The Indian Army on Thursday clarified that no Indian soldier is missing in action after the violent clash with Chinese troops in Galwan Valley of Ladakh on the intervening night of June 15-16.
"With reference to the article 'In China - India Clash, Two Nationalist Leaders with Little Room to Give' by New York Times dated June 17, 2020, it is clarified that there are no Indian troops missing in action," the Army said in a statement.
The US daily had reported that a few Indian soldiers were missing in action after the conflict.
The Indian Army on Tuesday said 20 soldiers, including a colonel, were killed in a violent clash with Chinese troops at Galwan Valley on Monday night, in the biggest military confrontation between the two armies in over five decades. According to unconfirmed reports, the Chinese side, too, suffered over 40 casualties.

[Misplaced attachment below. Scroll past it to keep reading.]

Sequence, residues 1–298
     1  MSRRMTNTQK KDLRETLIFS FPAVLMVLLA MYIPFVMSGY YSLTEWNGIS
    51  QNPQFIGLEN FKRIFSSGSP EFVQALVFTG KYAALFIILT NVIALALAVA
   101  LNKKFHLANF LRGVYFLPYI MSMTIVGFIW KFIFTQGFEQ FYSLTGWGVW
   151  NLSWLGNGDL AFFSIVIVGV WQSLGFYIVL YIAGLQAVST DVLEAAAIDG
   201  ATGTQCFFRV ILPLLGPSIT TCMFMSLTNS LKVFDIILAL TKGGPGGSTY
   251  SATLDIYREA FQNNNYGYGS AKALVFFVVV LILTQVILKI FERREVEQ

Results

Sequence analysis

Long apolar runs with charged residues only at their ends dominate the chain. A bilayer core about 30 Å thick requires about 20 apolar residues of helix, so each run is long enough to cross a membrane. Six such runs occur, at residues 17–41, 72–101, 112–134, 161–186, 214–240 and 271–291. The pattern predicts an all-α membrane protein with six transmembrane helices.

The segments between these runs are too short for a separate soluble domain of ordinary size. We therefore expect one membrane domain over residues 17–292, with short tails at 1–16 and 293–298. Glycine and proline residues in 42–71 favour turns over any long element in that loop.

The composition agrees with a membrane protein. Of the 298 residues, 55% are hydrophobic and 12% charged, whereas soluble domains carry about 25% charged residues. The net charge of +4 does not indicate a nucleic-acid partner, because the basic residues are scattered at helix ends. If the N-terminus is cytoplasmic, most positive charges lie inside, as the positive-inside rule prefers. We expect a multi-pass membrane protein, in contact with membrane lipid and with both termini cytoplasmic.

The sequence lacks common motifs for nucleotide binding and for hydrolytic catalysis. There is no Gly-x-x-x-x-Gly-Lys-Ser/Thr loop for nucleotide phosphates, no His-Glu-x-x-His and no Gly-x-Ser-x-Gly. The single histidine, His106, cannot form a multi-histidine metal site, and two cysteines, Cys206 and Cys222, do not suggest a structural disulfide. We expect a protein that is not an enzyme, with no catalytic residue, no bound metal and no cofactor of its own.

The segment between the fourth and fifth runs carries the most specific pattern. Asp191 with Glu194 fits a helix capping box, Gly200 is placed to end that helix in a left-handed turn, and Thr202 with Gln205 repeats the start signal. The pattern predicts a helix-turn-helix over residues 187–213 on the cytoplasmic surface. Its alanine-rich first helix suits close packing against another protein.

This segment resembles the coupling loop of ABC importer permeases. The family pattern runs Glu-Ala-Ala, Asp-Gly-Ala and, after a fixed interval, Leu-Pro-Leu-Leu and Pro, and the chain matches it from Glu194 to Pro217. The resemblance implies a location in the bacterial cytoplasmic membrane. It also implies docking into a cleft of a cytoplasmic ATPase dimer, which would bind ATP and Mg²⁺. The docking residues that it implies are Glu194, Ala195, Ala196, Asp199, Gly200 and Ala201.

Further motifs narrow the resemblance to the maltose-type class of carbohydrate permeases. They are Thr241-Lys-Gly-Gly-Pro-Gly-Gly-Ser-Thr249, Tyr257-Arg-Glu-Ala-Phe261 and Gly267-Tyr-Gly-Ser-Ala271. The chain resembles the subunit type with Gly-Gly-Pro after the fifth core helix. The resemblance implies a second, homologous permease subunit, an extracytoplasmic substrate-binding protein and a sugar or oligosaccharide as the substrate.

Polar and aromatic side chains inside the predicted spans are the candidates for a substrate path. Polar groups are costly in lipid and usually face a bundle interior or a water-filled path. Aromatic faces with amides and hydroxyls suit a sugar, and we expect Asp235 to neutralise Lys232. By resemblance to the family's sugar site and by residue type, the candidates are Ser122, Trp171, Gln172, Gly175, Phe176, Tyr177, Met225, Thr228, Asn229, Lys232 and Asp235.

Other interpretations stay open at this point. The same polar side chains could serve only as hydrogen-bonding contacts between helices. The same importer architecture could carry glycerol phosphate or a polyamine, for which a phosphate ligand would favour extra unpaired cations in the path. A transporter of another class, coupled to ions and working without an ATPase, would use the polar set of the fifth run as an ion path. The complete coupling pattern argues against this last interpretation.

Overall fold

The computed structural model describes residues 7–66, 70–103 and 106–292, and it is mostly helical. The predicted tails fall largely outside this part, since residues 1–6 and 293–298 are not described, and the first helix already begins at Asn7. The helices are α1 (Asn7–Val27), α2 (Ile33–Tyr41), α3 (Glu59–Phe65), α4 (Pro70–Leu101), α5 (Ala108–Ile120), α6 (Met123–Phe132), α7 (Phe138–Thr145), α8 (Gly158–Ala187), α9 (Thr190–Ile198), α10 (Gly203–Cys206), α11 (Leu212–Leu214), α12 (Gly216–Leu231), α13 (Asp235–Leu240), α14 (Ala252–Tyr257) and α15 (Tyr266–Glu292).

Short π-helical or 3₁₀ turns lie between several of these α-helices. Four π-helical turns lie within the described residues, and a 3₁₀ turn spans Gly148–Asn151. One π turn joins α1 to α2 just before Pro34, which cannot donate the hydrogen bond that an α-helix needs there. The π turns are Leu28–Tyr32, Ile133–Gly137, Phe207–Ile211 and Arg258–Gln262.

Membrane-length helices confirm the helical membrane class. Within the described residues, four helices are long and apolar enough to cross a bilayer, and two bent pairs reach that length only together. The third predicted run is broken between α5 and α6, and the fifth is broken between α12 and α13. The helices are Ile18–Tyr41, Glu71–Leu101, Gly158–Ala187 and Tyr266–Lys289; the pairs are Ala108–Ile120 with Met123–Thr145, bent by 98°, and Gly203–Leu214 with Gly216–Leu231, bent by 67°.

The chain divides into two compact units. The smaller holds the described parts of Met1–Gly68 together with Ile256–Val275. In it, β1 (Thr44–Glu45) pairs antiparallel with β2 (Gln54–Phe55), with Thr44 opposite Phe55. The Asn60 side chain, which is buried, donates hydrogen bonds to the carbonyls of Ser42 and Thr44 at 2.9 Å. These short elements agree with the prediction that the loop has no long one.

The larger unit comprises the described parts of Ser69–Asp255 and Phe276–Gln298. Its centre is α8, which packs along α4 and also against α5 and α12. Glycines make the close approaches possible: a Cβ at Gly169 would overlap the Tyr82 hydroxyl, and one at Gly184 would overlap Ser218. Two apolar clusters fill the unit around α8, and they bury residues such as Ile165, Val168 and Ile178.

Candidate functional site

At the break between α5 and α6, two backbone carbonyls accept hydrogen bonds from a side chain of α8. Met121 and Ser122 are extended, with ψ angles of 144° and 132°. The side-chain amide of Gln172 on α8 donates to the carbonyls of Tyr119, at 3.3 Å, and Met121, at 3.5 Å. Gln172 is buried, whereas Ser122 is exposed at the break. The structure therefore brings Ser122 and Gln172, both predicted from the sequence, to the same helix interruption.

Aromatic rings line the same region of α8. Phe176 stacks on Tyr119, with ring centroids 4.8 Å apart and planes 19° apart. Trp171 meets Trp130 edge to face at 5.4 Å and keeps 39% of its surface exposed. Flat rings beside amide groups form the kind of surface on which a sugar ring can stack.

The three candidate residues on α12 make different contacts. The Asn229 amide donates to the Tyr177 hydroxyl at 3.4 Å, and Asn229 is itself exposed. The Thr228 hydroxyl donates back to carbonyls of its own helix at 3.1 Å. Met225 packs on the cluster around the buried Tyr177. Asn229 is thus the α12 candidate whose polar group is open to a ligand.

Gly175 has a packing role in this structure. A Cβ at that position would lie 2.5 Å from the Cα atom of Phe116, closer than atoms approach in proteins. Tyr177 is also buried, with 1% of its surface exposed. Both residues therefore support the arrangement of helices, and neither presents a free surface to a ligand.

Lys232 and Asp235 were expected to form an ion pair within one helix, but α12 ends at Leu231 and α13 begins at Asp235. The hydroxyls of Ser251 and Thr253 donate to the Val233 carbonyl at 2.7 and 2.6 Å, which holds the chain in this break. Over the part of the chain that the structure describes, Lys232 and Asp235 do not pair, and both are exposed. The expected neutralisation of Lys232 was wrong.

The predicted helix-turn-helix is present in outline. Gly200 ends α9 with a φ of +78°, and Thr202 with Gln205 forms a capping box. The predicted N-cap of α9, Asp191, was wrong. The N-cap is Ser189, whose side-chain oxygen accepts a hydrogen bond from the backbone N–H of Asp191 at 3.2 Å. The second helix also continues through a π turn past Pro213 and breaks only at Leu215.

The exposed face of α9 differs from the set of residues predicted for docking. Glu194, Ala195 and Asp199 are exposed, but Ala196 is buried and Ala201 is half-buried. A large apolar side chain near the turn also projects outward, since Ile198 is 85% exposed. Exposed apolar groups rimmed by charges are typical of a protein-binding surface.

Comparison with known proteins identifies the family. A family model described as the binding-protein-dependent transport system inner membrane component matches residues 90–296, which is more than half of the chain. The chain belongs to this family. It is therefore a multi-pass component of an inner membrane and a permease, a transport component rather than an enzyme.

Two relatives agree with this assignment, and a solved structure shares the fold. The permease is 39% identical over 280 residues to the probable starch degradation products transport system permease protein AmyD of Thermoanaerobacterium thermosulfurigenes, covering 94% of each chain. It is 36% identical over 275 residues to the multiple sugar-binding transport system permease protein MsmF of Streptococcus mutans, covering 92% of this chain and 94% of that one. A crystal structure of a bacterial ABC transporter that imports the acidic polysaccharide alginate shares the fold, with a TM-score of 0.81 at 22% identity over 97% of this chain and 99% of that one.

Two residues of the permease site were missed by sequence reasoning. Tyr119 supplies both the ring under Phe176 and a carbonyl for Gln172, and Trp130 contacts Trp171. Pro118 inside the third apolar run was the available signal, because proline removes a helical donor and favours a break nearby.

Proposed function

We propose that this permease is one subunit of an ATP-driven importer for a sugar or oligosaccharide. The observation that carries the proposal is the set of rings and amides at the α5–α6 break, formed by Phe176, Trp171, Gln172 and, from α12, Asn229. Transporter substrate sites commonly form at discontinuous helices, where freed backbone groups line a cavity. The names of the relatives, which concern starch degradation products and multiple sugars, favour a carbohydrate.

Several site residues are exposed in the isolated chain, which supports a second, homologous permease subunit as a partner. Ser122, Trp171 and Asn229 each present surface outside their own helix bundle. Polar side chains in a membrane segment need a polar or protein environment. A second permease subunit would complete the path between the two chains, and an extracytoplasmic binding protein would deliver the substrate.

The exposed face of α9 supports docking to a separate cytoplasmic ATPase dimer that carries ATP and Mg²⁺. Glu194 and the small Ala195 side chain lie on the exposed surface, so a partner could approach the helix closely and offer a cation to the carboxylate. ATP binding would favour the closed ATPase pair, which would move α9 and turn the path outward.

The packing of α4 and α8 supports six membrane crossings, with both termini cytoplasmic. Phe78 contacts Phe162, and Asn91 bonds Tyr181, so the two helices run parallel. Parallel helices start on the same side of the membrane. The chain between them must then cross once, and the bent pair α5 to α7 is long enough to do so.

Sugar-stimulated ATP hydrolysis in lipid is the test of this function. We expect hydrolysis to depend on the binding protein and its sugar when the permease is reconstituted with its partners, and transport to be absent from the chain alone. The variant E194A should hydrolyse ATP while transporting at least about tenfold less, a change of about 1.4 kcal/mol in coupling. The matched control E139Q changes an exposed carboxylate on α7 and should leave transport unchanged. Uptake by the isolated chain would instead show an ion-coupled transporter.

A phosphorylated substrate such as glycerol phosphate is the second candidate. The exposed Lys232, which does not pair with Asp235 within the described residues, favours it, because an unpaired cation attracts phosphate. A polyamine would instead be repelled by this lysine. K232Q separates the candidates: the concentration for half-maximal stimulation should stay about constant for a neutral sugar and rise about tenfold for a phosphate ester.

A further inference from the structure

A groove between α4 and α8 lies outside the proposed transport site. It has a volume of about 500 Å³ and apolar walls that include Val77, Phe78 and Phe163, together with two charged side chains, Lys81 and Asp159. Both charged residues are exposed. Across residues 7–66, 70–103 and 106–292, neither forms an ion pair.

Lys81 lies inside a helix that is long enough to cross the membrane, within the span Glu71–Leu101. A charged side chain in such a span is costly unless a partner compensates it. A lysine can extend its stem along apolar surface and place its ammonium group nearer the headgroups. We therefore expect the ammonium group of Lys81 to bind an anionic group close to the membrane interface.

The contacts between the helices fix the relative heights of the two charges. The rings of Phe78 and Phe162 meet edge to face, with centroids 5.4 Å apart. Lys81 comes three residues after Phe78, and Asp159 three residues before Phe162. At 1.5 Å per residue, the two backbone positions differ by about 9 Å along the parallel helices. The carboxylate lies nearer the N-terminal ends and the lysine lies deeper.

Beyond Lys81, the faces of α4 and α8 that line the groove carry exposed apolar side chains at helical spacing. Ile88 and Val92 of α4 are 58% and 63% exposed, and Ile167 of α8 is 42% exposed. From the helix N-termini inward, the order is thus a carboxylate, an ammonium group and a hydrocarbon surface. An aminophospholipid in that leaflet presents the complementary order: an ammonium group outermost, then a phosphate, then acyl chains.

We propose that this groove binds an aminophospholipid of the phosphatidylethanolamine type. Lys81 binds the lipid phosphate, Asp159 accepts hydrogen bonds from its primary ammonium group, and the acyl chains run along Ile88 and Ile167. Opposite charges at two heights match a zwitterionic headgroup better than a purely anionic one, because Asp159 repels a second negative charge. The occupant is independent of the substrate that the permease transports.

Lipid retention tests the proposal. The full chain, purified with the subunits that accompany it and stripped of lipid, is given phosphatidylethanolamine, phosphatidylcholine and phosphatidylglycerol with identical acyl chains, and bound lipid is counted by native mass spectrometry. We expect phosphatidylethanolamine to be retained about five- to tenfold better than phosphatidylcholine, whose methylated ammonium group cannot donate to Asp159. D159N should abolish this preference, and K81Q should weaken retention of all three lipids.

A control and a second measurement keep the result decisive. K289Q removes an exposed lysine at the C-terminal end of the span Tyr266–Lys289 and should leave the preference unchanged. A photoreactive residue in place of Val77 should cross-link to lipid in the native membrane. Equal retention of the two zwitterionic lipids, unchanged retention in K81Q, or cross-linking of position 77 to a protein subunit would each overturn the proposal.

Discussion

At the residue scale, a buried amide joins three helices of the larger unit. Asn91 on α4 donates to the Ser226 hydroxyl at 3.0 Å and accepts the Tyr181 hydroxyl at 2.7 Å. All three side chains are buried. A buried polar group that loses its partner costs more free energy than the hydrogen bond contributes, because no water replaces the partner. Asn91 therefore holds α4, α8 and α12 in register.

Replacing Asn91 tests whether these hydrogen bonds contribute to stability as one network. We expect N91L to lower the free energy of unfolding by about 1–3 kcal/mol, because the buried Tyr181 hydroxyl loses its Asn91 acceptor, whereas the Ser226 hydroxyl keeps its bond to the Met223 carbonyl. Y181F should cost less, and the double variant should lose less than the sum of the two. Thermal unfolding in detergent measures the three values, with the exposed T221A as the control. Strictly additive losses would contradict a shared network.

The Major Generals of the two armies met for the second time on Thursday to diffuse the tension after their first round of talks on Wednesday remained inconclusive.
A large number of Indian and Chinese troops were engaged in an eyeball-to-eyeball situation in Galwan Valley and certain other areas of eastern Ladakh for last five weeks.
The Indian and Chinese armies are engaged in the standoff in Pangong Tso, Galwan Valley, Demchok and Daulat Beg Oldie in eastern Ladakh.
A sizeable number of Chinese Army personnel even transgressed into the Indian side of the de-facto border in several areas including Pangong Tso.
The Indian Army has been fiercely objecting to the Chinese transgressions, and demanded their immediate withdrawal for restoration of peace and tranquility in the area.
Both sides held a series of talks in the last few days to resolve the row. On Saturday, Gen Naravane said both sides are "disengaging" in a phased manner.
Following the standoff in eastern Ladakh, the two sides have deployed additional troops along the LAC, the de-facto Sino-India border, in North Sikkim, Himachal Pradesh, Uttarakhand and Arunachal Pradesh in the last few days.